Monarchist/Annexationist
Captain General Assumed office Left office Time in office
1
Gabino Gaínza
Gabino Gaínza
(1753/60–1829)
5 January 1822 23 June 1822 169 days
2
Vicente Filísola
Vicente Filísola
(1785–1850)
23 June 1822 26 November 1822 156 days
3
Felipe Codallos
Felipe Codallos
(1790–1849)
26 November 1822 7 March 1823 101 days
4
Vicente Filísola
Vicente Filísola
(1785–1850)
7 March 1823 1 July 1823 116 days

Individual provincial governments

The following are lists of the political leaders of the five individual provinces. Control of the provinces changed multiple times between monarchists in favor of annexation and republicans in favor of secession, usually as a result of conflicts and unrest within the provinces.

Color key
  Monarchist/Annexationist
  Republican/Secessionist

Costa Rica

Political Chief Assumed office Left office Time in office Ref.
1 Rafael Barroeta y Castilla (es) 5 January 1822 13 April 1822 98 days [112]
2 Santiago de Bonilla y Laya-Bolívar 13 April 1822 14 June 1822 62 days
3 José María de Peralta y La Vega 14 June 1822 15 October 1822 124 days
4 José Rafael Gallegos Alvarado (es) 17 October 1822 31 December 1822 76 days
5 José Santos Lombardo y Alvarado (es) 1 January 1823 14 March 1823 72 days
6 Rafael Francisco Osejo 14 March 1823 29 March 1823 15 days
7 Joaquín de Oreamuno 29 March 1823 5 April 1823 7 days
8 Gregorio José Ramírez 5 April 1823 16 April 1823 11 days
9 José María de Peralta y La Vega 16 April 1823 10 May 1823 24 days
10 Manuel Alvarado e Hidalgo (es) 10 May 1823 1 July 1823 52 days

El Salvador

Political Chief Assumed office Left office Time in office Ref.
1 José Matías Delgado 5 January 1822 9 February 1823 1 year and 35 days [113]
2 Vicente Filísola 9 February 1823 7 May 1823 87 days [114]
3 Felipe Codallos 7 May 1823 25 May 1823 18 days [92]
4 Consultive Junta 25 May 1823 17 June 1823 23 days [93]
5 Mariano Prado 17 June 1823 1 July 1823 14 days [115]

Guatemala

Political Chief Assumed office Left office Time in office Ref.
1 Gabino Gaínza 5 January 1822 23 June 1822 169 days [54][55]
2 Vicente Filísola 23 June 1822 1 July 1823 1 year and 8 days

Honduras

Political Chief Assumed office Left office Time in office Ref.
1 Juan Lindo y Zelaya 5 January 1822 1 July 1823 1 year and 177 days [116][117]

Nicaragua

Political Chief Assumed office Left office Time in office Ref.
1 Miguel González Saravia y Colarte (es) 5 January 1822 17 April 1823 1 year and 102 days [84]
2 José Carmen Salazar 17 April 1823 6 May 1823 19 days
3 Pablo Méndez 6 May 1823 1 July 1823 56 days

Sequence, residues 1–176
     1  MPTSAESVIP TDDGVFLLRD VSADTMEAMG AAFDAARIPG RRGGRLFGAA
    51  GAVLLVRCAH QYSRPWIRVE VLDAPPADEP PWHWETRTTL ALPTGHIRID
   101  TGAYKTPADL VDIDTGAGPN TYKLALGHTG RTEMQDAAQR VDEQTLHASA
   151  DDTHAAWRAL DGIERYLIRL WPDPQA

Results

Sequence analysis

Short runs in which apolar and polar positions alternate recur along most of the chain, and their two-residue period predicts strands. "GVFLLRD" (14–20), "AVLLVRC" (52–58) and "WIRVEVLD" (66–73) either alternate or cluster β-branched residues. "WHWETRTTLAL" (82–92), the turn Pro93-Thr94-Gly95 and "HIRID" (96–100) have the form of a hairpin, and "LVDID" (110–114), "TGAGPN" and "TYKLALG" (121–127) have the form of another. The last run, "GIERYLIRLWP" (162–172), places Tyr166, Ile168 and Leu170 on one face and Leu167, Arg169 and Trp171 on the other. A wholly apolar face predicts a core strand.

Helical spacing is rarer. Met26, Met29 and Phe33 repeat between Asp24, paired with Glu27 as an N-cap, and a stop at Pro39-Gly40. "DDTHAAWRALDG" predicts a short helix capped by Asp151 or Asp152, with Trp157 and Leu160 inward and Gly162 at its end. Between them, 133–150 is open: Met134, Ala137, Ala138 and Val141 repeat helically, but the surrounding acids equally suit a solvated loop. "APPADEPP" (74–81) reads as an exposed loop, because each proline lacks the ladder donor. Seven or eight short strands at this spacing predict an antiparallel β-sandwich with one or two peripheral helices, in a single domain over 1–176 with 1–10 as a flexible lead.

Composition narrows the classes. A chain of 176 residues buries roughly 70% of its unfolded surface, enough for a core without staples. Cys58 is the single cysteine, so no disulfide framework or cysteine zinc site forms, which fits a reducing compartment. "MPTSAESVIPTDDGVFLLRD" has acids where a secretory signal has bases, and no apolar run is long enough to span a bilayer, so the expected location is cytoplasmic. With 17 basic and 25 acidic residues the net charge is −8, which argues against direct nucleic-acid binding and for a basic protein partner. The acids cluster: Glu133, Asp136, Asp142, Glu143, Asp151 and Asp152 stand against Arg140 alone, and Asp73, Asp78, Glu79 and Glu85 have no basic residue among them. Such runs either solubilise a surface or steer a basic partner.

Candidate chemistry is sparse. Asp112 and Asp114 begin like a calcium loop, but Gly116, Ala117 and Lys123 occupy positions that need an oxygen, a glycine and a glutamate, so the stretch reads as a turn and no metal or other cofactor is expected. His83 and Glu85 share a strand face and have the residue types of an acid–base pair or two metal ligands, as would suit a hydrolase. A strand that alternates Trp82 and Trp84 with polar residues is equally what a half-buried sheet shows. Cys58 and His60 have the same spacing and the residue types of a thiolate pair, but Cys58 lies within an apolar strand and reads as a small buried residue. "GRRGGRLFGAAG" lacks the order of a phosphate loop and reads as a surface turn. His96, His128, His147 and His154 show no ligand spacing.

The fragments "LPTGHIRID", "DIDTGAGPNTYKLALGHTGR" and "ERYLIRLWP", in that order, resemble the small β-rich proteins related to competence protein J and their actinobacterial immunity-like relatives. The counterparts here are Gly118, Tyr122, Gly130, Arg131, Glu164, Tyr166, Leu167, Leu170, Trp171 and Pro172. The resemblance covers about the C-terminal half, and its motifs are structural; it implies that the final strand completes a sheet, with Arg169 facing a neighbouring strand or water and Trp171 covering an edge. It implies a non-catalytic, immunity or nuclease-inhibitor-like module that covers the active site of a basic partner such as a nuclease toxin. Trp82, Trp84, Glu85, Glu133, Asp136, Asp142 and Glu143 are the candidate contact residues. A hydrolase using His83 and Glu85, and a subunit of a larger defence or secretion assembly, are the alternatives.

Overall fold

Representation in the national legislature

The Mexican Constituent Congress was established on 24 February 1822 and was tasked with drafting a constitution for the Mexican Empire.[77][118] In November 1821, the Mexican government decided on the electoral procedures to select representatives for the Constituent Congress and that it would consist of 162 members. After Central America joined the empire, Iturbide wanted to extent congressional representation to the region. Due to unavailable demographical data at the time, Iturbide reluctantly allowed Central America to have 40 representatives in the Constituent Congress, which he thought was a "prudent" amount.[119] Despite being allowed to have 40 representatives, only 38 were elected.

The following is a list of Central America's representatives in the Constituent Congress:

Agustín I abolished the Constituent Congress on 31 October 1822 before a constitution was approved,[77] and replaced it with the National Institutional Junta.[118] Of the 55-member legislature, 13 were from Central America. The Central American representatives were Arrollave, Beltranena, Celís, de la Plata, Fernández de Córdova, Figueroa, Gutiérrez, Larreynaga, Montúfar, Orantes, Peralta, Quiñones, and Rubí.[128] The National Institutional Junta was short-lived and was abolished on 29 March 1823, shortly after Agustín I abdicated.[128]

Economy

For Mexico, the annexation of Central America was seen as a way to help stabilize the country's struggling economy, especially the mining and agriculture fields, after a decade of fighting against Spanish rule. Central America's annexation offered the Mexican government a larger population to institute taxes upon which would help the country rebuild its infrastructure. Additionally, leaders in Central America saw annexation as a way to help its own economy.[129]